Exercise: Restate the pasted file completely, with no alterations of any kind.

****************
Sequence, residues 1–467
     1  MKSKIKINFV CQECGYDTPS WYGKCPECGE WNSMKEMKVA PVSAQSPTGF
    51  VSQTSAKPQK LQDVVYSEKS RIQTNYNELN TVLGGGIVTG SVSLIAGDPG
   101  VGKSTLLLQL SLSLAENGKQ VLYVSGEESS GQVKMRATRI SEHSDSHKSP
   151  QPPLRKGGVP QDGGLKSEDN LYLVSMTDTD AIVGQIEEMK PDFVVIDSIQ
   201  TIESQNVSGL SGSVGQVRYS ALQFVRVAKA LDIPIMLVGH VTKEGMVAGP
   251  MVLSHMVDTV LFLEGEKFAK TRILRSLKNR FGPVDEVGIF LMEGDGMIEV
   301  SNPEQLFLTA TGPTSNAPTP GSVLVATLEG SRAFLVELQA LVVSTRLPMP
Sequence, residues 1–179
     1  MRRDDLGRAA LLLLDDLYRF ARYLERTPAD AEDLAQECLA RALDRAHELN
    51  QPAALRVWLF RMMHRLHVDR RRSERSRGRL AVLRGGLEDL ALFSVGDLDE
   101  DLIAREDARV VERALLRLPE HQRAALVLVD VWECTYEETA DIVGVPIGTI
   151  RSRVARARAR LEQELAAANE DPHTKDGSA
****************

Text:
Sequence, residues 1–467
     1  MKSKIKINFV CQECGYDTPS WYGKCPECGE WNSMKEMKVA PVSAQSPTGF
    51  VSQTSAKPQK LQDVVYSEKS RIQTNYNELN TVLGGGIVTG SVSLIAGDPG
   101  VGKSTLLLQL SLSLAENGKQ VLYVSGEESS GQVKMRATRI SEHSDSHKSP
   151  QPPLRKGGVP QDGGLKSEDN LYLVSMTDTD AIVGQIEEMK PDFVVIDSIQ
   201  TIESQNVSGL SGSVGQVRYS ALQFVRVAKA LDIPIMLVGH VTKEGMVAGP
   251  MVLSHMVDTV LFLEGEKFAK TRILRSLKNR FGPVDEVGIF LMEGDGMIEV
   301  SNPEQLFLTA TGPTSNAPTP GSVLVATLEG SRAFLVELQA LVVSTRLPMP
Sequence, residues 1–179
     1  MRRDDLGRAA LLLLDDLYRF ARYLERTPAD AEDLAQECLA RALDRAHELN
    51  QPAALRVWLF RMMHRLHVDR RRSERSRGRL AVLRGGLEDL ALFSVGDLDE
   101  DLIAREDARV VERALLRLPE HQRAALVLVD VWECTYEETA DIVGVPIGTI
   151  RSRVARARAR LEQELAAANE DPHTKDGSA